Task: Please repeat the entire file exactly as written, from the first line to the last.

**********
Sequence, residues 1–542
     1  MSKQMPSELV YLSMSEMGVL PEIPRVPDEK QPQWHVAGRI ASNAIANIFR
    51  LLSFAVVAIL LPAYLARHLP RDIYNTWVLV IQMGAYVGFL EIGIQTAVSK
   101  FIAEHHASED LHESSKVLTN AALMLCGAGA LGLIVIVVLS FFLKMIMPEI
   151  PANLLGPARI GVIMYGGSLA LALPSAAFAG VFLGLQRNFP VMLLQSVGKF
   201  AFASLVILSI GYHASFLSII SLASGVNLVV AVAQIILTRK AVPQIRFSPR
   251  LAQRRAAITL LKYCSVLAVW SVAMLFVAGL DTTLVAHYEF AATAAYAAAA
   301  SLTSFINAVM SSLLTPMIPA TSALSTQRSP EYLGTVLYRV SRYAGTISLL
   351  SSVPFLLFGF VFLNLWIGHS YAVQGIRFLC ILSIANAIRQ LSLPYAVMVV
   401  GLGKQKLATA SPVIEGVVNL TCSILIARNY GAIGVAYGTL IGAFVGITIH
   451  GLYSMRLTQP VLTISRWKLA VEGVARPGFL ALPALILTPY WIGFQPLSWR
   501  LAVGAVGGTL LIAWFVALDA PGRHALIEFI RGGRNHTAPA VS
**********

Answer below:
Sequence, residues 1–542
     1  MSKQMPSELV YLSMSEMGVL PEIPRVPDEK QPQWHVAGRI ASNAIANIFR
    51  LLSFAVVAIL LPAYLARHLP RDIYNTWVLV IQMGAYVGFL EIGIQTAVSK
   101  FIAEHHASED LHESSKVLTN AALMLCGAGA LGLIVIVVLS FFLKMIMPEI
   151  PANLLGPARI GVIMYGGSLA LALPSAAFAG VFLGLQRNFP VMLLQSVGKF
   201  AFASLVILSI GYHASFLSII SLASGVNLVV AVAQIILTRK AVPQIRFSPR
   251  LAQRRAAITL LKYCSVLAVW SVAMLFVAGL DTTLVAHYEF AATAAYAAAA
   301  SLTSFINAVM SSLLTPMIPA TSALSTQRSP EYLGTVLYRV SRYAGTISLL
   351  SSVPFLLFGF VFLNLWIGHS YAVQGIRFLC ILSIANAIRQ LSLPYAVMVV
   401  GLGKQKLATA SPVIEGVVNL TCSILIARNY GAIGVAYGTL IGAFVGITIH
   451  GLYSMRLTQP VLTISRWKLA VEGVARPGFL ALPALILTPY WIGFQPLSWR
   501  LAVGAVGGTL LIAWFVALDA PGRHALIEFI RGGRNHTAPA VS